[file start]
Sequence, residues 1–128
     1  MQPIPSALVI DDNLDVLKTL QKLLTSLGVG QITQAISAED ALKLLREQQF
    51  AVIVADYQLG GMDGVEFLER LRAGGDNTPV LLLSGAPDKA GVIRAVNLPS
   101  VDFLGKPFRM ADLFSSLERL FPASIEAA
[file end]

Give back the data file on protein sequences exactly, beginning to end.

Sequence, residues 1–128
     1  MQPIPSALVI DDNLDVLKTL QKLLTSLGVG QITQAISAED ALKLLREQQF
    51  AVIVADYQLG GMDGVEFLER LRAGGDNTPV LLLSGAPDKA GVIRAVNLPS
   101  VDFLGKPFRM ADLFSSLERL FPASIEAA